“Do you want to go down and look at the old tunnels on the way? No, don’t reply, it was a silly question.” Stuart puffed out his cheeks. “Here, we’ll go up by the old gatehouse, save facing the steps.”
They’d reached the top of the hill, where the old walls reached their westward limit, although little was left of them, when Stuart grabbed Paul’s shoulders and turned him to see the view.
“Impressive, isn’t it?”
Paul had, grudgingly, to agree. The main street marching down the hill and up again the other side of the river valley; even without the Christmas lights it looked a picture.
“And now…” Stuart spun him round again, to face an impressive building, more ecclesiastical from the outside than regal. “That’s impressive, too, I think.”
“Let’s look at the inside before I commit myself.”
Stuart grinned a third time—that had to mean trouble—seemed like he was going to say something, then just grabbed Paul’s arm to drag him up to and through the door.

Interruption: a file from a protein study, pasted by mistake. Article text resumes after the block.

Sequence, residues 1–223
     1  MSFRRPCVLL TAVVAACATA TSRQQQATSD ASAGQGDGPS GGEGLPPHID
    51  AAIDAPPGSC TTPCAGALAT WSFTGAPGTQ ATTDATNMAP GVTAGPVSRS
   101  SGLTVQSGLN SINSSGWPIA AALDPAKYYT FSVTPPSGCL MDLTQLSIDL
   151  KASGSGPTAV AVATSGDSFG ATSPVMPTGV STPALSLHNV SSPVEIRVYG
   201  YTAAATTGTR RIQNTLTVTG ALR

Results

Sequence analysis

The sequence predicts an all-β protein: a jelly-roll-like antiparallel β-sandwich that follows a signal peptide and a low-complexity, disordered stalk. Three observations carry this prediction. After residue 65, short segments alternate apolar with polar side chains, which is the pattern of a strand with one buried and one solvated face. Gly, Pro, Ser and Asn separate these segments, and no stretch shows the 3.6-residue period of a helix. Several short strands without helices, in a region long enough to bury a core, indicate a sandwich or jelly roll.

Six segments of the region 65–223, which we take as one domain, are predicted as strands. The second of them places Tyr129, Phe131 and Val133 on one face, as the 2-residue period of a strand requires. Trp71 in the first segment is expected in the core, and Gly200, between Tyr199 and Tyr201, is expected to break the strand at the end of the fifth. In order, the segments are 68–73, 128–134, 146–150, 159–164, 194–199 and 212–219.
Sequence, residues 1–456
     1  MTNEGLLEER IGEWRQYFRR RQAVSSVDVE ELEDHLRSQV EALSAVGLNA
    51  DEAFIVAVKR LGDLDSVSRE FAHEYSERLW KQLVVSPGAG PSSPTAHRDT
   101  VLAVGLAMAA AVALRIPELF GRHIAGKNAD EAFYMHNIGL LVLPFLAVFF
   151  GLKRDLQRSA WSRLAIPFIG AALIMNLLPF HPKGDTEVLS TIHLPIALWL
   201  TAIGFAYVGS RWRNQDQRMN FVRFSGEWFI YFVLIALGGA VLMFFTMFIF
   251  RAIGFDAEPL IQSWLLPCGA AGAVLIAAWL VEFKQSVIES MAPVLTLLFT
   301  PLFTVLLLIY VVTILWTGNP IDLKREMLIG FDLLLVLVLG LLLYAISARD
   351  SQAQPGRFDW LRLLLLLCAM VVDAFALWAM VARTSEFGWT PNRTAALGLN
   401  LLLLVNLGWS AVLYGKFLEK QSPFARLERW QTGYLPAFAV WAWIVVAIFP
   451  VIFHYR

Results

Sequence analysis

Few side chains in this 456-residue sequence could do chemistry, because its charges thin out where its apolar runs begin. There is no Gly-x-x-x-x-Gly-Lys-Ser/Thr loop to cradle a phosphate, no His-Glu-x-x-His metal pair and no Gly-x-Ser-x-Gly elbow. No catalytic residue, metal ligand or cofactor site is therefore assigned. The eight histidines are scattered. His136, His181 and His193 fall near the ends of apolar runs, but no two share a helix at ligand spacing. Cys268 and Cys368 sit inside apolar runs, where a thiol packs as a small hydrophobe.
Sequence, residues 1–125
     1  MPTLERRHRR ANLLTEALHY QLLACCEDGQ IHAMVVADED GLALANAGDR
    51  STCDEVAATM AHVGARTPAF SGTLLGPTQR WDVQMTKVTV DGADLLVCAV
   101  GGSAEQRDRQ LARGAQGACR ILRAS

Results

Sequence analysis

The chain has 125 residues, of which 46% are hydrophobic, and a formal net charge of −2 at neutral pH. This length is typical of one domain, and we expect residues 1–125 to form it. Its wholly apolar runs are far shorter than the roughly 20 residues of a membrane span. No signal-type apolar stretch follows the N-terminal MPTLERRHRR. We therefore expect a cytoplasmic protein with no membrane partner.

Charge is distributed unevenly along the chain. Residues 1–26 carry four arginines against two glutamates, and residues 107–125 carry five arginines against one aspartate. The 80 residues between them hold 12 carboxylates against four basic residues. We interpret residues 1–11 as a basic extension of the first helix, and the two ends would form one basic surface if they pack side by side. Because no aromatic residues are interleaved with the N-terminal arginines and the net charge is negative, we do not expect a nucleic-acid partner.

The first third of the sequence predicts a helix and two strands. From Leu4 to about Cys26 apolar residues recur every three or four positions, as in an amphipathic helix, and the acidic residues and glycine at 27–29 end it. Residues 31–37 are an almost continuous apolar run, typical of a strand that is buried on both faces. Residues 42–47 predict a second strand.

He hadn’t been lying. The place was stunning, from the stained glass to the family tree type decoration on the walls, to the table itself, hanging imposingly on the west wall.
“Okay. You’re right. It’s great.” Paul patted Stuart’s shoulder. “I’m glad you brought me.”
“I’ll resist saying ‘I told you so’,” he replied, although the smug expression plastered on his face said it for him. “Come on, let’s be tourists.”
There was plenty to be touristy about. Not just the incredibly detailed embellishments of the hall itself, but the repro medieval garden to go with the repro Arthurian table, which must have been stunning in the spring.
“Maybe we should come here again,” Stuart said, once they were back in the main hall and admiring, for maybe the third time, the board around which Lancelot and Galahad and all the boys in the band supposedly sat, only not really. “In the summer or spring, when that garden’s going to be looking at its best.”
“I’d be up for that. There must be plenty to see here. Maybe make a weekend of it.”
“Great minds think alike.” Stuart nodded. “There are some lovely hotels round and about.”